In the category of “it’s a small world but I wouldn’t want to paint it,” our hospice nurse was Jeana Woody. Her husband Will and father-in-law Steve were one-time co-workers of mine at the Daily Press. I could not have hand picked a better person to walk us through our most difficult time.

One morning I came to visit Dad, and Jeana was with him. She showed me the physical signs that he wouldn’t be with us much longer. I slumped forward in my chair as reality hit and told myself those first words he told me when he was diagnosed. “Don’t get emotional.” Jeana explained it would be a matter of days. She was kind and supportive.

That afternoon, I came back for another visit. He was laying there wide awake for the first time in a few visits. I sat down by him and he said, “I want to sit up.” The morning visit was still weighing heavy on me, and I told him he just needed to rest. Then I heard a loud thud. He managed to move his leg off the bed, but with no strength his foot hit the floor heavy. I looked at his face, and he had that look I had seen a thousand times from him. It was that “do as I tell you” look.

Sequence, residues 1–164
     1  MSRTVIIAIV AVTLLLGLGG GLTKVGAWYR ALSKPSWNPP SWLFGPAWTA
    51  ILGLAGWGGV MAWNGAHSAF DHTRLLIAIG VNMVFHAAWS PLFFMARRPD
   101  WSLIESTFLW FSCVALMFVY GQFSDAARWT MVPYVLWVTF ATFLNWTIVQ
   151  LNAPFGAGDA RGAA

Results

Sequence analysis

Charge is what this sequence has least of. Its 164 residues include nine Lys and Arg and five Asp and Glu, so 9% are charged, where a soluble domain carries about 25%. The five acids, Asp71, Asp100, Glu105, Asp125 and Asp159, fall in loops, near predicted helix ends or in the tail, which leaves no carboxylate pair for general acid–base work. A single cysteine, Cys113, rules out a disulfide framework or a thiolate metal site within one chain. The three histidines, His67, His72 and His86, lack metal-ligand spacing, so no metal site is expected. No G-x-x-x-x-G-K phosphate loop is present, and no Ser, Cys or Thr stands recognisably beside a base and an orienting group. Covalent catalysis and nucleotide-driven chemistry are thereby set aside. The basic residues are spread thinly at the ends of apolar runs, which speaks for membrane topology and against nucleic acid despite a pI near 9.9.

I put both of his arms over my shoulders, lifted him with his full weight on me into a sitting position. Our heads were side by side and in a barely audible voice he said, “I can’t do this anymore. I love you but I just can’t.”

I told him I loved him too, then I gently laid him back down in his bed and waited until he fell asleep before I left. The words “I love you” weren’t something we said to each other regularly.

The next morning, with Leone and Jeana by his side, he passed. I was in route, and when I arrived Jeana asked if I wanted to be alone with him and talk to him. I told her there was nothing left unsaid between us. Thanks to Jeana walking me through what would be his final hours, I believe that the special final moments between my Dad and me happened. Through personal tragedy, there was relief and emotional support. I think he would have understood that we did get emotional and have learned to cope with losing him. I know we could not have made it through his loss without HopeWest and San Juan Living Center. Our family is eternally grateful to them and, in particular, Jeana.

If you would like to support HopeWest visit their website at HopeWest.org.

Dennis Anderson is group publisher for Wick Communications, Alaska and Colorado. He can be reached via email at dennis.anderson@frontiersman.com